Just about a year after Lenin wrote this letter, the Bolsheviks seized power and created the USSR. For the Ukrainians, this held out great promise since they carried out measures that could finally bring an end to the colonial oppression that had existed since the time of Catherine the Great. To start with, Ukraine—like all the other socialist republics—would have the right to secede. Just as importantly, the landed gentry would be expropriated and the land turned over to the peasants. Keeping in mind that that the demand for “Peace, Bread and Land” sparked the Bolshevik revolution, the third plank meant more to the Ukrainian than most Russians since national oppression and serfdom were intertwined under Czarism. The native Ukrainian tended to be a peasant whose language rights and culture were routinely violated. Communism marked a new day.
In the immediate aftermath of the revolution, Russia was plunged into a bloody civil war and forced to adopt “War Communism” that weighed more heavily on the peasant than other sectors of the population. Grain was impounded to feed the Red Army and the workers in the armaments industry who were needed to keep the counter-revolutionary invasion at bay. No matter how painful the Spartan regime, the peasant at least had title to his land.
After the war ended, Lenin persuaded the Communists to adopt the New Economic Policy that would allow private enterprise under strict controls to help revive the economy. In some ways, it was a forerunner to the model now adopted by the Cubans. Neither the Cuban nor the Russian revolutionary leaders were happy about tourist hotels and wealthy farmers (kulaks) gaining a foothold but their choices were limited.
Written 7 months before his death, Lenin’s article “On Cooperation” promoted the idea that peasant cooperatives were the most important way to carry the revolution forward. An alliance between the working class and small peasants organized in cooperatives was “all that is necessary to build a complete socialist society”. Especially because from the standpoint of transition to the new system, they were “the simplest, easiest and most acceptable to the peasant” (emphasis in the original). If anything, I would have had acceptable to the peasant in both italics and bold, had I been Lenin at the time.
When Lenin wrote this article, the Communist Party was dividing into two factions. The majority was co-led by Bukharin and Stalin who thought that the peasants should be given free rein. Bukharin, who was the architect of their program, wrote: “Overall, we need to say to the entire peasantry, to all its different strata: enrich yourselves, accumulate, develop your farms. Only idiots can say that the poor must always be with us. We must now implement a policy which will result in the disappearance of poverty.”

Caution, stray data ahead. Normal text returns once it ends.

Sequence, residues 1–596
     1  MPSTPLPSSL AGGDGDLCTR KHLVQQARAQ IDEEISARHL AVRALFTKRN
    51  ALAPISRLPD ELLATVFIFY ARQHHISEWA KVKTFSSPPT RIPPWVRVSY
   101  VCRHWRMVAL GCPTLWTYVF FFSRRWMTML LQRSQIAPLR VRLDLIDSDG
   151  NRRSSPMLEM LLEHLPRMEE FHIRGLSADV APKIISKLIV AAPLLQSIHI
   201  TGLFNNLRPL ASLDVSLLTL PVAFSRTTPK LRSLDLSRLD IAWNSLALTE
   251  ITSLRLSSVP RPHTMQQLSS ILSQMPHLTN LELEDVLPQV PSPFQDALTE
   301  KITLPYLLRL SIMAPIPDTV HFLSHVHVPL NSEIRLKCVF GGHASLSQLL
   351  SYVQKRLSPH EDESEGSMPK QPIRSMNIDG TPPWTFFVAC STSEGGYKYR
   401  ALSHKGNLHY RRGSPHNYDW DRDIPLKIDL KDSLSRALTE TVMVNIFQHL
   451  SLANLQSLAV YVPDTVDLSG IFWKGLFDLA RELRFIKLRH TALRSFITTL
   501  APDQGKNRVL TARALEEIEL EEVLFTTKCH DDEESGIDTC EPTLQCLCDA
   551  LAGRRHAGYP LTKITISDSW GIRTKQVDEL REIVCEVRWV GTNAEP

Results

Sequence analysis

Trotsky formed a opposition on the basis that the Soviet Union needed to industrialize as rapidly as possible, which meant strengthening the hand of wage labor on the farms and the encouragement of collective farming. The 1927 Platform of the Joint Opposition urged that “The growth of land-renting must be offset by a more rapid development of collective farming.” Furthermore, despite the use of the term collective farming, it was clear that Trotsky and his comrades were simply endorsing the measures found in Lenin’s “On Cooperation”:
The task of socialist construction in the country is to reform agriculture on the basis of large-scale, mechanized, collective agriculture. For the bulk of the peasants the simplest road to this end is co-operation, as Lenin described it in his work On Co-operation. This is the enormous advantage which the proletarian dictatorship and the Soviet system as a whole gives to the peasant.
In other words, despite the slander directed against Trotsky as someone who “underestimated the peasantry”, there is little doubt that he was simply arguing in favor of policies proposed by Lenin, who Stalin tended to regard as the final word on everything (no matter that Lenin called for his removal from party leadership from his death-bed.)
Largely because of his bureaucratic control and the rapid influx of self-seeking elements into the party, Stalin could crush the opposition and allow the growth of an agrarian bourgeoisie that towards the end of the 20s began to assert its class power. Lurching leftward, Stalin moved against the peasantry in a manner that confused some of Trotsky’s supporters. Wasn’t Stalin adopting the program of the Left Opposition?
Nothing could be further from the truth.
Stalin’s forced march did not discriminate between rich and poor peasants. In the name of “liquidating the kulaks”, every peasant in the USSR was herded into state farms or collective farms, called sovkhozes and kolkhozes respectively. The state farms were conceived strictly as agrarian factories based on wage labor while the collective farms were collective in name only. The peasants forced to work on them were not even entitled to sell crops from their own private gardens in the marketplaces and were paid a wage tied to their output and, even more against the spirit of Lenin’s “acceptable to the peasant”, were chained to the kolkhoz that became a virtual concentration camp.